People do not realize just how harsh war zones are. They are the things that can make or break a country. War zones have a major influence on people. They add to the stress of people, and can produce insecurities, fear, depression, etc. When children are added to this, it creates a whole different type of problem. Children can become influenced by what they see and hear in their environment. In a violent, militarism environment, children may be drawn to the violence and the mistreatment of others. Children are vulnerable and our actions can leave a print on them that can never be changed.
War zones are hard places to be in. For a lot of third world countries in war zones, families have to live in little spaces, barely getting by in life. “Abu Yahya, his wife and four children are squeezed together on a sofa. This is their living room and now it is also their bedroom. Like most houses in their area, the second floor has been blasted by shells” (Hattenstone, Mahood 2014). This is just one example of what life is like in war zones. This place, in particular, is Syria.. With this family, the dad used to ride through his neighborhood in his truck selling fruit, but now, he cannot do that anymore. The war made it unsafe and impossible for him to just ride around in the streets of his neighborhood. As a result, he and his family are not getting money, cannot properly eat, and do not have enough money to live in a stable home in a safe neighborhood. His children may never know what it is like to wake up every day without having four rockets dropped on their neighborhood every morning. Loud, disturbing noises can cause one to have PTSD, and if that is all these children know, then they are most likely to develop it.
Children are dependant on the adult(s) that provide them care and affection. This attention helps build character in the child. During times of war, they might not get this. “Their attachments are frequently disrupted in times of war, due to the loss of parents, extreme preoccupation of parents in protecting and finding subsistence for the family, and emotional unavailability of depressed or distracted parents” (Santa Barbra 2006). When this happens, the child is left with a substitute guardian whose love is not enough for the child. If these children do not get the affection they need, they have a higher chance of having behavioral, emotional, and social problems as they grow and get older (Harmon 2020).
There are a lot of unjust actions that happen when people are in war zones. Adults and children have a higher risk of losing a limb and becoming paralyzed in a war zone than if they were not in one. Sometimes it is hard to tell whose on which side and as a result bad things happen to innocent people. “Hundreds of thousands of children die of direct violence in war each year. They die as civilians caught in the violence of war, as combatants directly targeted, or in the course of ethnic cleansing” (Santa Barbra 2006). The saying “kill or be killed” comes to my mind with this example. In order to not be killed, soldiers have to take over a lot of land to plant booby traps and keep watch. As a result, schools have become the next battlefields. Children have become the next target to get the enemy’s attention. “Increased fighting in urban areas and the growing use of bombs in densely-populated areas has seen a dramatic increase in the number of children killed or maimed - 73,000 of them in 25 conflicts since 2005. Children are also being targeted with more brutal tactics, such as the use of young people as suicide bombers, said the report The War on Children” (Watt 2018). Since 2005, about 73,000 children have been killed or maimed due to attacks. Children are not meant to be used for escape plans or plan B’s. Children are the future of the world and should be treated better.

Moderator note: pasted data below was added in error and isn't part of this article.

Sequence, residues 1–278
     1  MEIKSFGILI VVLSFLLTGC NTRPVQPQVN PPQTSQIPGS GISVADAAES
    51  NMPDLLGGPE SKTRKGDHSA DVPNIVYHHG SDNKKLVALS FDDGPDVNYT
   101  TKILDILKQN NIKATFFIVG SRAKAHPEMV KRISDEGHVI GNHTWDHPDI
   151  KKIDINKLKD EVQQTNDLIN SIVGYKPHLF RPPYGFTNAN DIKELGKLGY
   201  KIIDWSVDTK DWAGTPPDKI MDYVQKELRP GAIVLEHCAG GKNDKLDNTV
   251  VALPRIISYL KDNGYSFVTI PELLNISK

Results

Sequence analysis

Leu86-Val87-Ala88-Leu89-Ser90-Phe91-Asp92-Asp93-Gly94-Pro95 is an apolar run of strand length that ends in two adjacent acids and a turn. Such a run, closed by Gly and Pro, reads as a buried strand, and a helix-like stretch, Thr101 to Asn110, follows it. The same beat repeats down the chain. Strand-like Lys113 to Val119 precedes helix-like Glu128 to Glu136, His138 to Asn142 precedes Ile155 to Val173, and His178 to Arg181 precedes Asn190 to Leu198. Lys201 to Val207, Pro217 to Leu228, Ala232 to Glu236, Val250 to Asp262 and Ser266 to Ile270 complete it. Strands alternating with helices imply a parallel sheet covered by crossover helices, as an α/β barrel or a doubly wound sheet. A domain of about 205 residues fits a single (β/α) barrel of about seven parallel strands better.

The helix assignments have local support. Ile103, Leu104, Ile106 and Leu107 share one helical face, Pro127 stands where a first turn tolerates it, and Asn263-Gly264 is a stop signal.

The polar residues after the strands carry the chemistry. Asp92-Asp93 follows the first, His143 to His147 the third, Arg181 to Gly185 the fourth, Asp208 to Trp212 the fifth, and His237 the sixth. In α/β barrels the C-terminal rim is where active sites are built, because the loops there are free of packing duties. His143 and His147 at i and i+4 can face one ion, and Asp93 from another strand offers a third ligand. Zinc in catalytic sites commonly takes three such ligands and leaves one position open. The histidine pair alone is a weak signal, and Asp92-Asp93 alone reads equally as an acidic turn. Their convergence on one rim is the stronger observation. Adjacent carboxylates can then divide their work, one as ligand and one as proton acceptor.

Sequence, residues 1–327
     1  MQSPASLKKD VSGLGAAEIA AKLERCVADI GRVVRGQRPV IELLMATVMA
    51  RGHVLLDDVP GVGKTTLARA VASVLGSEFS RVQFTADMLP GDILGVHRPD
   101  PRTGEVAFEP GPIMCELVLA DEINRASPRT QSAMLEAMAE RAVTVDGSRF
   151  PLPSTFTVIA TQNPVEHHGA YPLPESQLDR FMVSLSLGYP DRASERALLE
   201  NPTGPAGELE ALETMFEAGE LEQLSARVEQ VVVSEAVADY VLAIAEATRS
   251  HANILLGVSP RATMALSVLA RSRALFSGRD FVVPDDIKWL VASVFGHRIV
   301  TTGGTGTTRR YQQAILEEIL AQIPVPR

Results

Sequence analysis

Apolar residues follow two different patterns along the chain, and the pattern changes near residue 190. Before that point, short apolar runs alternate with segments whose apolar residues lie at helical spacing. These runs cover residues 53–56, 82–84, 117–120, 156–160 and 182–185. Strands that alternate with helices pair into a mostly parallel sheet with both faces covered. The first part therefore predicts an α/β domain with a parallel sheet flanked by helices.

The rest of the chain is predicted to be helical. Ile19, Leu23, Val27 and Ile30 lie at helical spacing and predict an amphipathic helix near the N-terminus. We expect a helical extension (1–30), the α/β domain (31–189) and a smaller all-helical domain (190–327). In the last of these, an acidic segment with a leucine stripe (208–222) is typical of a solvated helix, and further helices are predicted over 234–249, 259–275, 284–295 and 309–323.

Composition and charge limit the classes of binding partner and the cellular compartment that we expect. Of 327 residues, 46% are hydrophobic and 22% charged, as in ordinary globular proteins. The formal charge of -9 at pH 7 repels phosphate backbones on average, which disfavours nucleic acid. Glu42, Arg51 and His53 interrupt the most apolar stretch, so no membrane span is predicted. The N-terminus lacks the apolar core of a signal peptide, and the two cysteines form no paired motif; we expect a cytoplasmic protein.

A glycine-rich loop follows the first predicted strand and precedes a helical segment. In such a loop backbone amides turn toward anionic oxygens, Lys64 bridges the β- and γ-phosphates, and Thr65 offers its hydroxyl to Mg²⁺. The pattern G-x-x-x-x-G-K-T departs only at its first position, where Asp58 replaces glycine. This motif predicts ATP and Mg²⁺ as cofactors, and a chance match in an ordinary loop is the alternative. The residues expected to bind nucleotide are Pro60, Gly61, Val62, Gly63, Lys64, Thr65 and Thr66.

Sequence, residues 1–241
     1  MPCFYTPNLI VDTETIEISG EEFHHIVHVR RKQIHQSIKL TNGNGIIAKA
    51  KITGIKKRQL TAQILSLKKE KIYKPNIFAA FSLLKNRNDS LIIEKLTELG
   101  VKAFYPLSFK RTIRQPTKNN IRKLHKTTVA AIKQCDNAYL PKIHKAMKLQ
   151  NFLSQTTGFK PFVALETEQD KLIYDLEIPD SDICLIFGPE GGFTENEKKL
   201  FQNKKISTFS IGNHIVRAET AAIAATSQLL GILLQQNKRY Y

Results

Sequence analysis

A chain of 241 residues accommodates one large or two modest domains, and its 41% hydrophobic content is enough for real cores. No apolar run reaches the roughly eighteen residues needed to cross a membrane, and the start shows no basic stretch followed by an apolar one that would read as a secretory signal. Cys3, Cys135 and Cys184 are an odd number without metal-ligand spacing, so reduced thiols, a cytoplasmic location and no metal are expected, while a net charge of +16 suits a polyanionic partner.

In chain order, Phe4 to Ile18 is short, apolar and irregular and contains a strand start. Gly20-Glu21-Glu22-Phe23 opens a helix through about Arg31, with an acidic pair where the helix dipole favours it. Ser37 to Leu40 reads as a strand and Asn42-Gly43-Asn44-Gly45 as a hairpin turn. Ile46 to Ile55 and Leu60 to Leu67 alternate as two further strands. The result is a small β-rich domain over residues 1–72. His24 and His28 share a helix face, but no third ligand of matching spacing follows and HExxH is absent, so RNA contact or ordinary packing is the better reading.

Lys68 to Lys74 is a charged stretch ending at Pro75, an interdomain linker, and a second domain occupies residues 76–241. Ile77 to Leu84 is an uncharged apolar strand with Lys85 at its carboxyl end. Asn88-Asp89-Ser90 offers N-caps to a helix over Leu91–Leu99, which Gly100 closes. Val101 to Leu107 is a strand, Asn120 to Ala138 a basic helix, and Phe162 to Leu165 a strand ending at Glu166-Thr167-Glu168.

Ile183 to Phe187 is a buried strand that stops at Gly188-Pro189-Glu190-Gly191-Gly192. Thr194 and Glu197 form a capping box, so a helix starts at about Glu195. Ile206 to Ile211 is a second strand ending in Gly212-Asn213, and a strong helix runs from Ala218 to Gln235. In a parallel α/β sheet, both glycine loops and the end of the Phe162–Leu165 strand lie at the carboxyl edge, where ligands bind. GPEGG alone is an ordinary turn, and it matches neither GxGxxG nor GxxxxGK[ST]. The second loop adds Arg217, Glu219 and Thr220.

In conclusion, innocent people in places where there is an active war are being treated without respect or consideration. Adults are forced to quit their jobs and find another way of making money while children are being forced to commit suicide as a tactic to scare their enemies. It is not right and this has to change. Adults are our mentors and children are future mentors.
Hattenstone, Simon, and Mona Mahmood. “Life in a War Zone – Syria.” The Guardian, Guardian News and Media, 5 July 2014, www.theguardian.com/world/2014/jul/05/life-in-war-zone-syria.
How Does War Child Provide Vital Psychosocial Support to Children?” War Child Holland - How Does War Child Provide Vital Psychosocial Support to Children?, www.warchildholland.org/psychosocial-support/.
Harmon, Katherine. “How Important Is Physical Contact with Your Infant?” Scientific American, 6 May 2010,
Watt, Ewan. “'Schools and Playgrounds Are Battlefields': One in Six Children Living in Conflict Zones.” Theirworld, Theirworld, 15 Feb. 2018, www.theirworld.org/news/one-in-six-children-live-conflict-zone-attacks-on-schools.